Netball features at Indigenous sports camp

Melina SaundersNetball will feature prominently at a special Indigenous Sports Camp being held in Alice Springs this week hosted by the Northern Territory Department of Sport and Recreation.

The camp is aimed at Indigenous children aged between 10 and 15 who live in remote areas to give them a chance to be exposed to sports they normally wouldn’t have a chance to experience.

Former national league star Melina Saunders, pictured right, is travelling to the camp to teach netball skills to the chosen students supported by Haylee Gillies, Netball SA and Netball NT’s Community Engagement and Legacy Officer, and Netball NT’s Development Manager in Alice Springs Karen Randell.

The camp will also offer inspiring sessions with Indigenous sporting role models like Saunders and coaching and umpiring accreditation opportunities for community sport development officers to encourage communities to establish their own regular sporting competitions.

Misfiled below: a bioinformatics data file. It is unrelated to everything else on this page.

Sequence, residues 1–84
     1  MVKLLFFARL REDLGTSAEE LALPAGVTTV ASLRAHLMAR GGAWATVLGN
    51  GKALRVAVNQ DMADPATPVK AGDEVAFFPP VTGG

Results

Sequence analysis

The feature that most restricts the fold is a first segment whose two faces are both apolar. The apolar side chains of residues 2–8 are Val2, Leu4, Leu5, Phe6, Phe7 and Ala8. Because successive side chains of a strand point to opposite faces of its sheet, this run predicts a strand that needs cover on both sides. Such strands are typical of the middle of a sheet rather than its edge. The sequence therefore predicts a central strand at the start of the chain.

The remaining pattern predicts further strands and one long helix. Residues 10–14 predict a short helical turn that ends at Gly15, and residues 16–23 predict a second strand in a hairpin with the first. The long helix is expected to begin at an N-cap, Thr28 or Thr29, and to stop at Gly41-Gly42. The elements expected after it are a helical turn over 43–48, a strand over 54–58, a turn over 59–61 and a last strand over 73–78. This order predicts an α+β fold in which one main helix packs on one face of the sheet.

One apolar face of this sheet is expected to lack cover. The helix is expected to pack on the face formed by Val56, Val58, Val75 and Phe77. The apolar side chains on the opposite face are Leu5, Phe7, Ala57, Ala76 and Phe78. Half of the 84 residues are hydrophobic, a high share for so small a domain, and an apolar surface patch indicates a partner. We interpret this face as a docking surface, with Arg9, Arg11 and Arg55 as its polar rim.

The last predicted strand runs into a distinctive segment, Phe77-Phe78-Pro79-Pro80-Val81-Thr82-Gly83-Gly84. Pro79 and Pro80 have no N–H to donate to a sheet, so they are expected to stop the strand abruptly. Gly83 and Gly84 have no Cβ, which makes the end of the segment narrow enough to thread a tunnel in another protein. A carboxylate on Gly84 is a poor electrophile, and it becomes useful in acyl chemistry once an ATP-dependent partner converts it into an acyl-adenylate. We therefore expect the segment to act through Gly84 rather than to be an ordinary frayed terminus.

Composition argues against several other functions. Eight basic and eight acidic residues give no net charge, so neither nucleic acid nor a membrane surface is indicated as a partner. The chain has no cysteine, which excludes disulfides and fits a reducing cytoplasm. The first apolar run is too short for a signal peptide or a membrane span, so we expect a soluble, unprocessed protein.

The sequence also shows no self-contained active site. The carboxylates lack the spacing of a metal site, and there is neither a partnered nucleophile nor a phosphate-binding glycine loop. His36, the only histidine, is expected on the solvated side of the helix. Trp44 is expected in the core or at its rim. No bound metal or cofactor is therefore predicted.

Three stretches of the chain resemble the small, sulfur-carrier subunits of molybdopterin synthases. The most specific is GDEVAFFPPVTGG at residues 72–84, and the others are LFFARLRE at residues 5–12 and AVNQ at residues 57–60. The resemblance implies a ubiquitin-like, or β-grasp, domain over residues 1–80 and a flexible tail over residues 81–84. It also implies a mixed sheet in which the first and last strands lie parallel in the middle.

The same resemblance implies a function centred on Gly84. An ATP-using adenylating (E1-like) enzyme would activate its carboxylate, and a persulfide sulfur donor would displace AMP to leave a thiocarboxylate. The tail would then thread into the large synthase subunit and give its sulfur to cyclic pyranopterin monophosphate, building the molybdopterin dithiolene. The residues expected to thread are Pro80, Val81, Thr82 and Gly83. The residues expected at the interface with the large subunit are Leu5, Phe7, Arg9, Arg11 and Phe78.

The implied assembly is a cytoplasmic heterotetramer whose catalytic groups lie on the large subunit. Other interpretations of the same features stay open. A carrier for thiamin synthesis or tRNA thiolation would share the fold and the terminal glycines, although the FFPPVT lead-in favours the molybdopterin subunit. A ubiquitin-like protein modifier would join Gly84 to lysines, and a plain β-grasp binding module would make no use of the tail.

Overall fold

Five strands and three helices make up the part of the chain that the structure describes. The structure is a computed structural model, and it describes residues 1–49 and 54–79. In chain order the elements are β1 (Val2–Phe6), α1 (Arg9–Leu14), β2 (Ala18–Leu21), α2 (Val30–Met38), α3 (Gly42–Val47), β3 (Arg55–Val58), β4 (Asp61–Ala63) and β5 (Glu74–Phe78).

Saunders, a former Australian 21/U squad member and Queensland Firebird, said the sports camp was a great opportunity to show these communities what netball has to offer young, budding athletes.

“It’s really fantastic that the Northern Territory Government have organised an event like this,” Saunders said.

“It’s predominantly male sports (that are played in remote communities) so it’s good for young girls and boys to get that exposure to a different range of sports, like netball.

“Growing up, we tried lots of different sports but it was very dependent on your school arranging that so it’s fantastic for youngsters to get exposure to the sports not offered at their schools. They’ll get really good value out of this camp.”

Saunders, who works in Canberra as a mentor for the Deadly Sista Girlz program run by the Wirrpanda Foundation, as well as the Australian Indigenous Mentoring Experience (AIME) said she enjoys introducing Aboriginal youngsters to netball.

“This is my passion, so if I can expose any child to our sport I’ll be the first one to put my hand up to do it, making sure they have a fun and positive experience” Saunders said.